Embrace the mess: how to choose which scientists to trust
Matt Fuchs is the editor-in-chief of Leaps.org and Making Sense of Science. He is also a contributing reporter to the Washington Post and has written for the New York Times, Time Magazine, WIRED and the Washington Post Magazine, among other outlets. Follow him @fuchswriter.
It’s no easy task these days for people to pick the scientists they should follow. According to a recent poll by NORC at the University of Chicago, only 39 percent of Americans have a "great deal" of confidence in the scientific community. The finding is similar to Pew research last year showing that 29 percent of Americans have this level of confidence in medical scientists.
Not helping: All the money in science. Just 20 percent of Pew’s survey respondents think scientists are transparent about conflicts of interest with industry. While this issue is common to many fields, the recent gold rush to foot the bill for research on therapies for healthy aging may be contributing to the overall sense of distrust. “There’s a feeling that at some point, the FDA may actually designate aging as a disease,” said Pam Maher, a neuroscientist who studies aging at Salk Institute. “That may be another impetus for a lot of these companies to start up.”
But partnering with companies is an important incentive for researchers across biomedical fields. Many scientists – with and without financial ties and incentives – are honest, transparent and doing important, inspiring work. I asked more than a dozen bioethicists and researchers in aging how to spot the scientists who are searching for the truth more than money, ego or fame.
Avoid Scientists Who Sound Overly Confident in messaging to the public. Some multi-talented scientists are adept at publishing in both top journals and media outlets. They’re great at dropping science without the confusing jargon, in ways the public can enjoy and learn from.
But do they talk in simple soundbites, painting scientific debates in pastels or black and white when colleagues use shades of gray? Maybe they crave your attention more than knowledge seeking. “When scientists speak in a very unnuanced way, that can be irresponsible,” said Josephine Johnston, a bioethicist at the Hastings Center.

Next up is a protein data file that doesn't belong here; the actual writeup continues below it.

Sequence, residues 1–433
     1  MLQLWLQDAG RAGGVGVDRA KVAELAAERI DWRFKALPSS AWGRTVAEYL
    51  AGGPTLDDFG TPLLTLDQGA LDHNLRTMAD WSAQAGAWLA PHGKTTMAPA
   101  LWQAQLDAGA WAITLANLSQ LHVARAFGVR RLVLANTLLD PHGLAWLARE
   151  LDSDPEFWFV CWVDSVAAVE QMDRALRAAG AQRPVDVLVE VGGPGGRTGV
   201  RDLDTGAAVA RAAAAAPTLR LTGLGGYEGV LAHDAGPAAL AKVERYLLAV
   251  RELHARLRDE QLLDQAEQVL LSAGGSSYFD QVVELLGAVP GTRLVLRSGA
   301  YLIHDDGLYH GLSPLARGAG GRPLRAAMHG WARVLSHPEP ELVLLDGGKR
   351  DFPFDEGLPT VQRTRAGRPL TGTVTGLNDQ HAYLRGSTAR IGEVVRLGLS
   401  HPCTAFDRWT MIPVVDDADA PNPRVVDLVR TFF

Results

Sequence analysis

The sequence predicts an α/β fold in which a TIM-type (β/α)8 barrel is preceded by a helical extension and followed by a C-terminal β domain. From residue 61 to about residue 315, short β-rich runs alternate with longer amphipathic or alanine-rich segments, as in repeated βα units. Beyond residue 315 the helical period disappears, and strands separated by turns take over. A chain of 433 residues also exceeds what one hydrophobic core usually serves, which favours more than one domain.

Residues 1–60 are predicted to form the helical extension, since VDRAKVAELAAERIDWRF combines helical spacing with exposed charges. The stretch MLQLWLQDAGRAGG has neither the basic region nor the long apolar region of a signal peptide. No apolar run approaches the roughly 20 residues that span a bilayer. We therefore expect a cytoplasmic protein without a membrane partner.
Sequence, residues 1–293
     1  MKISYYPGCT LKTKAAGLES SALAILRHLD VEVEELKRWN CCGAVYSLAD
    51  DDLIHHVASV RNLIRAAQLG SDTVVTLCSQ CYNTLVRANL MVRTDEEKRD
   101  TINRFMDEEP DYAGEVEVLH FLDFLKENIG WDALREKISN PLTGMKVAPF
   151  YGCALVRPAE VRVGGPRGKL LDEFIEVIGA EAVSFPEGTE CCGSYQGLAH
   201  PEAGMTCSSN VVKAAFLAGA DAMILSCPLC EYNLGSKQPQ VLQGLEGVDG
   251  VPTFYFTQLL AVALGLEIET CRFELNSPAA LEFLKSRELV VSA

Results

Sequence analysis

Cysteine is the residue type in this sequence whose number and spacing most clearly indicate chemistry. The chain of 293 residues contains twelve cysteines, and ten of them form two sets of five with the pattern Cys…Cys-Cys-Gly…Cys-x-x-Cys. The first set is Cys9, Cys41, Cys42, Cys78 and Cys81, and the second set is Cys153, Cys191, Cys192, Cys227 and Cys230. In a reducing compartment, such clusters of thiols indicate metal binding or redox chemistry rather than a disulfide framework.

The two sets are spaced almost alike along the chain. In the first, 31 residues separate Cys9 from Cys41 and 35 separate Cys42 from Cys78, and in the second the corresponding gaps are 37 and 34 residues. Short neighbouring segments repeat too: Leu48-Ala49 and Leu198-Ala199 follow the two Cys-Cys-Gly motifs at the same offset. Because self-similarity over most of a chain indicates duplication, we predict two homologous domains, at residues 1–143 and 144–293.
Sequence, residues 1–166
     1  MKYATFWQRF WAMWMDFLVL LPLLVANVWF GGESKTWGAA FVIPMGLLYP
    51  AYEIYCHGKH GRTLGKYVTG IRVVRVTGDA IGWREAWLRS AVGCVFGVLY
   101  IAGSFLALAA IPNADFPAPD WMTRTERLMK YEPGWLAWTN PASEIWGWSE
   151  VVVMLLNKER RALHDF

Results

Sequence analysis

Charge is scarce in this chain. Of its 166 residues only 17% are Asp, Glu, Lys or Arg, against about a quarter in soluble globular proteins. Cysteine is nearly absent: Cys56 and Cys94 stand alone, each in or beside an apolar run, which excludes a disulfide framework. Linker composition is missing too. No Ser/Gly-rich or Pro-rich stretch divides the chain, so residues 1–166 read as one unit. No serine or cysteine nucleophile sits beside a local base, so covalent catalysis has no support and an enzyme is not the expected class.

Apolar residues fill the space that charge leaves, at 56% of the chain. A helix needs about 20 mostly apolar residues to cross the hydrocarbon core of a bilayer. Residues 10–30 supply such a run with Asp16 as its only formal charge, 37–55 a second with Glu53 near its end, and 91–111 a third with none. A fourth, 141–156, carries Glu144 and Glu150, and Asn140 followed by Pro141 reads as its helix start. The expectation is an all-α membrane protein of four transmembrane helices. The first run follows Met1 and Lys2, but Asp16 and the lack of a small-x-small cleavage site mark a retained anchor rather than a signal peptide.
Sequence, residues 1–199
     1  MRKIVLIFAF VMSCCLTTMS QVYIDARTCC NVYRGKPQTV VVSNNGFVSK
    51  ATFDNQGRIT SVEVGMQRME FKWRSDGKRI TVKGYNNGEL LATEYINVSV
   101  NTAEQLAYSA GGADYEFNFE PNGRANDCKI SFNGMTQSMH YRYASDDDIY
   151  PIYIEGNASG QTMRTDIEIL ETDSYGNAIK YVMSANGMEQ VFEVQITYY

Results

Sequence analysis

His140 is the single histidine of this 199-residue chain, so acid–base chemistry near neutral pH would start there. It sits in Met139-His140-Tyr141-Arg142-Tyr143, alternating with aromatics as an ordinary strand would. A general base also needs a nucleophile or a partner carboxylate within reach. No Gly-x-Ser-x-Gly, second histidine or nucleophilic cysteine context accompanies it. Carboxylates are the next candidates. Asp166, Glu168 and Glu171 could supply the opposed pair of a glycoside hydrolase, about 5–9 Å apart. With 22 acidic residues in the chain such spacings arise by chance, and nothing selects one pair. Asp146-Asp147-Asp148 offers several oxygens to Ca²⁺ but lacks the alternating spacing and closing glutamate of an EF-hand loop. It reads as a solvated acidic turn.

Scientists should avoid exaggerations like “without a doubt” and even “we know” – unless they absolutely do. “I feel like there’s more and more hyperbole and attention seeking…[In aging research,] the loudest voices in the room are the fringe people,” said the biogenerontologist Matt Kaeberlein.
Separate Hype from Passion. Scientists should be, need to be passionate, Johnston explained. In the realm of aging, for example, Leonard Guarente, an MIT biologist and pioneer in the field of aging, told me about his belief that longer lifespans would make for a better world.
Instead of expecting scientists to be lab-dwelling robots, we should welcome their passion. It fuels scientific dedication and creativity. Fields like aging, AI and gene editing inspire the imaginations of the public and scientists alike. That’s not a bad thing.
But it does lay fertile ground for overstatements, such as claims by some that the first 1,000-year-old has already been born. If it sounds like sci-fi, it’s probably sci-fi.
Watch Out for Cult Behavior, some experts told me. Follow scientists who mix it up and engage in debates, said NYU bioethicist Arthur Caplan, not those who hang out only with researchers in the same ideological camp.
Look for whether they’re open to working with colleagues who don’t share their views. Through collaboration, they can resolve conflicting study results and data, said Danica Chen, a biologist at UC Berkeley. We should trust science as long as it doesn’t trust itself.
Messiness is Good. You want to find and follow scientists who’ve published research over the years that does not tell a clean story. “Our goal is to disprove our models,” Kaeberlein said. Scientific findings and views should zig and zag as their careers – and science – progress.
Follow scientists who write and talk publicly about new evidence that’s convinced them to reevaluate their own positions. Who embrace the inherent messiness of science – that’s the hallmark of an honest researcher.
The flipside is a very linear publishing history. Some scientists have a pet theory they’ve managed to support with more and more evidence over time, like a bricklayer gradually, flawlessly building the prettiest house in the neighborhood. Too pretty.
There’s a dark side to this charming simplicity: scientists sometimes try and succeed at engineering the very findings they’re hoping to get, said Charles Brenner, a biochemist at City of Hope National Medical Center.
These scientists “try to prove their model and ignore data that doesn’t fit their model because everybody likes a clean story,” Kaeberlein said. “People want to become famous,” said Samuel Klein, a biologist at Washington University. “So there’s always that bias to try to get positive results.”
Don’t Overvalue Credentials. Just because a scientist works at a top university doesn’t mean they’re completely trustworthy. “The institution means almost nothing,” Kaeberlein said.
Same goes for publishing in top journals, Kaeberlein added. “There’s an incentive structure that favors poor quality science and irreproducible results in high profile journals.”